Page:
What is your credit union’s payments strategy?
Ten years from now, Americans will not be using plastic cards for payments in the same way we do today, and people will struggle to remember how they used to pay for goods and services without technology.
That was the message from Mark Sievewright, founder and CEO of the Sievewright and Associates consultancy. The former MasterCard executive spoke Thursday as part of CUNA Mutual Group’s online DISCOVERY Conference.
According to Sievewright, several factors are working together to shape the future of payments – from technology to regulations to changes in consumer behavior. He said credit unions need to understand the trends and track the dynamics.
“I walk into many credit unions and ask for their payments strategy, and I am told they do not have one, or it is a general part of their strategic plan,” he reported. “Credit unions need to have a payments strategy. They need to analyze what their credit union is doing and engage their members.”
Mobile payments will become more mainstream as the value proposition improves, Sievewright said. He noted since he emigrated to the United States in 1997, as many credit unions have disappeared as there remain in business today – and he expects consolidation to continue.
“Today we are a hyper-efficient industry, and that is because of consolidation,” he assessed. “Not only will the number of credit unions continue to shrink, there will be consolidation in banks and in the payments industry. Consolidation in payments will drive revenue.”
Elsewhere in the conference, CUNA Mutual Group Chief Economist Steve Rick touched on consolidation across the credit union movement and offered a way to predict how the industry will continue to shrink in the years ahead.
P2P success story
PayPal is one of the few true success stories in the payments space, Sievewright said, adding not many other fintech companies have stolen market share from CUs. He said fintechs are trying to change the very business model of payments, with the goal of frictionless usage by consumers.
Companies that have made a bit of a name for themselves include Square and Venmo. Sievewright said Square has had an “on again/off again romance” with being a bank, but he is certain it eventually will refile its banking application. Venmo is popular, but he said the company has yet to make a single dollar in profit.
Zelle is an emerging point-to-point payments system. Sievewright praised CUs for joining the consortium that runs Zelle, describing it as a counter to Venmo.
What worries Sievewright is Target’s Red Card, which offers users 5 percent discount on purchases. He said the popularity of this card is taking market share from CU debit/credit cards, and therefore interchange income.
Changes coming soon
Many changes are on their way to the payments space, Sievewright said. Rewards are very popular – ranging in form from cash back to air miles to discounts – but redemption often remains rooted in paper. He expects electronic redemption of rewards will change the way rewards cards are used.
Regulations also are changing. Sievewright pointed to the introduction of the Open Banking Model in Europe, sometimes referred to as PSD2. “This gives consumers power over the information financial institutions have about them. The information no longer belongs to the financial institution, it belongs to the consumer.”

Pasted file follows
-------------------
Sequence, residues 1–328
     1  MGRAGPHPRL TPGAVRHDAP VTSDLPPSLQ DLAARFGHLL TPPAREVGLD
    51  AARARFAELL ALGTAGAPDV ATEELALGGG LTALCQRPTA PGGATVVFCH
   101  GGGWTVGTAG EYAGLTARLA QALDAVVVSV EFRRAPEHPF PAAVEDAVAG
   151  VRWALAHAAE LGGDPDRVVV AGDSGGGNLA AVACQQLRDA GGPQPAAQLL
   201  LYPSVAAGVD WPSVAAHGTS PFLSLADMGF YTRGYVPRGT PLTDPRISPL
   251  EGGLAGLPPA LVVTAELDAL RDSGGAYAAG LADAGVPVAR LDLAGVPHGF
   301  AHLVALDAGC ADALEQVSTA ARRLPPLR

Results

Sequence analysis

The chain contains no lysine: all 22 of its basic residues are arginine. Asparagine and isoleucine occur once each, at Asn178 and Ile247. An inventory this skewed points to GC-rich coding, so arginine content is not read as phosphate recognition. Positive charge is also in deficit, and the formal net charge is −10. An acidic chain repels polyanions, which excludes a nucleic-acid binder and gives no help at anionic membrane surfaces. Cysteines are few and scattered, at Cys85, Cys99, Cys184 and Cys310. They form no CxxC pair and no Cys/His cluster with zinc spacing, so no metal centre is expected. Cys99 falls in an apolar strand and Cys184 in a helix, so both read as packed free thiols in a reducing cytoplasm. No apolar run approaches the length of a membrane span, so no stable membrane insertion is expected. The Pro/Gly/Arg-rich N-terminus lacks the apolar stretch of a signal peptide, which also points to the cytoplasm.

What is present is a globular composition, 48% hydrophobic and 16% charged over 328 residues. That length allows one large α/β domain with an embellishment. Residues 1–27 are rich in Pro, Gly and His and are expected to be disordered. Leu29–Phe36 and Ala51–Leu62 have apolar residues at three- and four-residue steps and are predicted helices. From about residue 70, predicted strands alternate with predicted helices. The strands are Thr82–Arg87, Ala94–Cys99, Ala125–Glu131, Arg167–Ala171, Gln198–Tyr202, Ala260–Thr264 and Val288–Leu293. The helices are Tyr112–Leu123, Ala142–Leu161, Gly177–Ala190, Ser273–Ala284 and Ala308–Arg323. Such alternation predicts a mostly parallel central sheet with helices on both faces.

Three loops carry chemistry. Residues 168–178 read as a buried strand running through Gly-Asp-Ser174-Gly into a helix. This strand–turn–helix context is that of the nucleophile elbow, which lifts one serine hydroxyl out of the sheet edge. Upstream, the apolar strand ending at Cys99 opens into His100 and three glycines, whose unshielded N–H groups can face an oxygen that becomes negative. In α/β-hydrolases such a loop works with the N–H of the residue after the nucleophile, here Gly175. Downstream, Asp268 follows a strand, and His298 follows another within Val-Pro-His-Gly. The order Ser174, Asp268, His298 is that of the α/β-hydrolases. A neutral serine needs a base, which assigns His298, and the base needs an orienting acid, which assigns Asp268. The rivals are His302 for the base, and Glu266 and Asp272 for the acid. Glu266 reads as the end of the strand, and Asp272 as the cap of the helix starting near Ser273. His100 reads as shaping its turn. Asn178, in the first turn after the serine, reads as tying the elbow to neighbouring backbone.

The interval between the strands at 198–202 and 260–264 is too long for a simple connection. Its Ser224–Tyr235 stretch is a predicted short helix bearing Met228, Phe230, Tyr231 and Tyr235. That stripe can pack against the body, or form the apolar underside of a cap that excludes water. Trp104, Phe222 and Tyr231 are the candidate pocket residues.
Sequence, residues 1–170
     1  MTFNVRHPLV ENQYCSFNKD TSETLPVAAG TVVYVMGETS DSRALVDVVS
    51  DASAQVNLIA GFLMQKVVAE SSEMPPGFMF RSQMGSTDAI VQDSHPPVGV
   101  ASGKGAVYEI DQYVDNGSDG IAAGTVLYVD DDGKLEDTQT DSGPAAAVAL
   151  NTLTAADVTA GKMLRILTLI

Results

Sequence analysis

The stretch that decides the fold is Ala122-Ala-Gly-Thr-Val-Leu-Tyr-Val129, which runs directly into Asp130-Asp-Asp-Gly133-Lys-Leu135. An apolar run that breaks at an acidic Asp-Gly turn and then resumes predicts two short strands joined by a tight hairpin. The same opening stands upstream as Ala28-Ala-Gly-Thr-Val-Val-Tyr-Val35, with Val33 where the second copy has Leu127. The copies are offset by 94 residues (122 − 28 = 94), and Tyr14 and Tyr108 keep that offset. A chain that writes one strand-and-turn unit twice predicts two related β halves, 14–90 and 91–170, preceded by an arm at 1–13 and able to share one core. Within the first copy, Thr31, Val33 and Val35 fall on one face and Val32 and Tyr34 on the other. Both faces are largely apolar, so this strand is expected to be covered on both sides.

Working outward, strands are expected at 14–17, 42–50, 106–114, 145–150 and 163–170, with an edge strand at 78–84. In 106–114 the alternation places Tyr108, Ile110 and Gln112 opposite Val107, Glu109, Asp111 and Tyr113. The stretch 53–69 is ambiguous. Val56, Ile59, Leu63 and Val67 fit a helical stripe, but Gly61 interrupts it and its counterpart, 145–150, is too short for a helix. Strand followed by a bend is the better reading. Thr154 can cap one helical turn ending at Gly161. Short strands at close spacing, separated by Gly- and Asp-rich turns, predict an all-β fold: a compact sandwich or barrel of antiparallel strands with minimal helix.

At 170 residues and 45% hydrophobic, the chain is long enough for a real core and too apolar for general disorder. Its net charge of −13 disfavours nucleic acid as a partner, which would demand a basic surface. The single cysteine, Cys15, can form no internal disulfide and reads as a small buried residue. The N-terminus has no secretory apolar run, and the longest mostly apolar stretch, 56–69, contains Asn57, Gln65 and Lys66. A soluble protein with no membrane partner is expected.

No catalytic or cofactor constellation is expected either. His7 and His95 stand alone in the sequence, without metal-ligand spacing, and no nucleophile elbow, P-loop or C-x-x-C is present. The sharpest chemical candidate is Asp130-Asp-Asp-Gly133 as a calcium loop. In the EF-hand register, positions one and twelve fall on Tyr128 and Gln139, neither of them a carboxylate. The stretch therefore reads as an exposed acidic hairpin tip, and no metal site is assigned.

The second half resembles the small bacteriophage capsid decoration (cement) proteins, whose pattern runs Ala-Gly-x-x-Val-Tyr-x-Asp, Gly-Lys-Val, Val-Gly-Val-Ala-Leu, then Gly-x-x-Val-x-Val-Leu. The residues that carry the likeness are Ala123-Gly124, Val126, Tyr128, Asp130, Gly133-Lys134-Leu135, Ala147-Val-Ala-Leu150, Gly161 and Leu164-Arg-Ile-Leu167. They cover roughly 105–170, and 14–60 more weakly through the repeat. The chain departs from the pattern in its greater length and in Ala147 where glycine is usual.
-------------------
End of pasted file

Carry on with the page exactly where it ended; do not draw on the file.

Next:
The United States is trying to build a ubiquitous, real-time payments system. According to Sievewright, advances in technology will help make this happen, starting with increased use of artificial intelligence. He explained AI essentially is a way for computers/machines/software to replicate human thought, and do so incredibly fast.
Perhaps surprisingly, where AI has made some of the biggest news has been surrounding board games. In 1996, IBM’s Deep Blue famously defeated chess grandmaster Garry Kasparov in a rematch, six months after the human easily bested the computer. “Deep Blue learned from its mistakes and beat the best chess player in the world,” Sievewright recalled. More recently, an AI program defeated the best human player of the Chinese game Go.
“Artificial intelligence is now part of the offerings many institutions are doing around the world,” he said. Examples include Tandem Bank in the U.K., which offers AI financial planning, and Royal Bank of Canada, which has AI financial management. “Technology is informing the customer in those cases. There are no humans involved. We are moving toward a digital concierge.”
Data analytics is a fast-growing industry. Sievewright said the oft-heard phrase “big data” means having the “right” communication with members at the “right” time in the “right” context.
“Most big banks are at the predictive analytics level, which means they have a high degree of confidence at getting a response. We are not there yet,” he said of credit unions. “The top level is prescriptive analytics.”
Biometrics is another emerging technology that will shape the payments space. Sievewright noted many CUs are already using fingerprints and facial recognition for verification of mobile banking transactions. He expects the next big push to be in voice recognition. There are 40 million U.S. households with voice-enabled devices. Capital One Bank allows Amazon Echo users to initiate voice banking.
There are demographic shifts coming, as well, Sievewright said, joking “We all love millennials, but they are not the only game in town.” He noted Visa recently said it expects the majority of payments growth to be from consumers 45 years or older.
“Don’t build a payments strategy around one demographic segment, build a payments strategy to attract all ages,” he advised. “Don’t forget older users. Even octogenarians are adopting mobile banking, and mobile banking is a precursor to mobile payments. Those older consumers can be great grounds for growth.”